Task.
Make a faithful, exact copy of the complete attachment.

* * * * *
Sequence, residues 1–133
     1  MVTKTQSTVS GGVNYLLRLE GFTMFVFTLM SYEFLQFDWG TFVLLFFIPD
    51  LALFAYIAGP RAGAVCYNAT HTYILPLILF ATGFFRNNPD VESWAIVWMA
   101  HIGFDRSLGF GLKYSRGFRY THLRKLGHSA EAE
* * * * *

Sequence, residues 1–133
     1  MVTKTQSTVS GGVNYLLRLE GFTMFVFTLM SYEFLQFDWG TFVLLFFIPD
    51  LALFAYIAGP RAGAVCYNAT HTYILPLILF ATGFFRNNPD VESWAIVWMA
   101  HIGFDRSLGF GLKYSRGFRY THLRKLGHSA EAE